Dan Ariely ponders what makes a good gift?
The reason it is posted here, as we shall see, is the answers touch on my job as the leader of a Family Office. According to Dan, what makes a good gift places emphasis on real value,
not so much on price. I often say, “The most valuable things in Life cannot be taken away.” For example, Dan writes, “Good gifts should be experiences and not things. Good gifts should be memorable. Good gifts should increase the social bond between the giver and the receiver.”
My job as the leader of a Family Office, broadly speaking, is divided into objective and subjective elements. For example, once the objective elements are delegated – think of asset allocation, manager searches, TW & E, accounting and reporting – what is left is really valuable, subjective and memorable – think of your Family Mission Statement and legacy.
These subjective elements form the foundation of your 100-Year Financial Plan, (reference James E. Hughes book, Family Wealth: Keeping It in the Family: How Family Members and Their Advisers Preserve Human, Intellectual, and Financial Assets for Generations, Bloomberg Press; 2004). The next time you get someone you love a gift remember to make it memorable.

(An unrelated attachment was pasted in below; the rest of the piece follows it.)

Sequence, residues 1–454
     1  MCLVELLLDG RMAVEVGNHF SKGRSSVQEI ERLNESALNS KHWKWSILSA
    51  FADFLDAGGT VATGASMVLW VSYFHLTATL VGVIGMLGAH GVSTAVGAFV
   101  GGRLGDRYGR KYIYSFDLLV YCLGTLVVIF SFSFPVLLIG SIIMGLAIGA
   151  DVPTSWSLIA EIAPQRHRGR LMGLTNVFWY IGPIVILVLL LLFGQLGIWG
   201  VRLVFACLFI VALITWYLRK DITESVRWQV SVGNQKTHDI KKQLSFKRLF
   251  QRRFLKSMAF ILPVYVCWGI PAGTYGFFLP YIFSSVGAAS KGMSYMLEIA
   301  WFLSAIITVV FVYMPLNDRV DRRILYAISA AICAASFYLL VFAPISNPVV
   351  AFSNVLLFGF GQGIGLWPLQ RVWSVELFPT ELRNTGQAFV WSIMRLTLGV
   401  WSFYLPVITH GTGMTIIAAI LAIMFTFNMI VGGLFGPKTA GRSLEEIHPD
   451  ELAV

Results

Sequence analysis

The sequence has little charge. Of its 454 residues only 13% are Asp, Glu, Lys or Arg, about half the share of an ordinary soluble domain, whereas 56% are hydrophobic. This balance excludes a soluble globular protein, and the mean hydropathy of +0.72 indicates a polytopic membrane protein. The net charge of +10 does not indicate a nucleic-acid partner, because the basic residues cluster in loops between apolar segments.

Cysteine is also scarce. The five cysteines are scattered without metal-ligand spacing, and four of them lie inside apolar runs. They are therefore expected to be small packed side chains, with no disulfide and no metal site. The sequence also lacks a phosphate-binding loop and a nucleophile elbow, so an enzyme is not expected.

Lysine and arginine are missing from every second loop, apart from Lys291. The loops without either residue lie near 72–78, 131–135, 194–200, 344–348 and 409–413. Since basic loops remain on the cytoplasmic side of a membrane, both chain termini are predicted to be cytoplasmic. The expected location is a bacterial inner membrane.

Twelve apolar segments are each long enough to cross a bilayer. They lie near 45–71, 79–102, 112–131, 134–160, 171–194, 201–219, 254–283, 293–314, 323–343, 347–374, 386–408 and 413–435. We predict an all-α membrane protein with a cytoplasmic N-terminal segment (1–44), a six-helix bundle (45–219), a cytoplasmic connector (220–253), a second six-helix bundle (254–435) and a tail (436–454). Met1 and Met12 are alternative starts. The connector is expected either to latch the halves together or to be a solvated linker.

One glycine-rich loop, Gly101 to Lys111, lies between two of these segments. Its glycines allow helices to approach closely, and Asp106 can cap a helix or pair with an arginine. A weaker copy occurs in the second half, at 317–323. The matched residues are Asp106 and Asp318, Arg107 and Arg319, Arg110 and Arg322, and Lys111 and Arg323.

My 50th is getting closer and closer (April 29th) and because a few people have asked me over the past few days what I want for my birthday, I am walking while wondering about what makes a good gift. There are a few obvious ways to think about good gifts. Good gifts should be experiences and not things. Good gifts should be memorable. Good gifts should be unique. Good gifts should increase the social bond between the giver and the receiver. Go
od gifts are things that the receiver wants, but is not willing to buy for themselves. Good gifts are things that would make the receiver happy, but they don’t realize that it will.
But what are some good examples of good gifts? Headphones, Pens? Culinary classes? I would love to get examples of good gifts that you either gave or received.
And what gifts did I ask from my friends this year? I asked them not to give me anything, but I also told them that if they feel that they have to give me something, I want a copy of one of their favorite book, with an explanation why they love this book so much. And I am looking forward to having this shelf of books and reading it over the next few years.
Until next time, Richard Gayton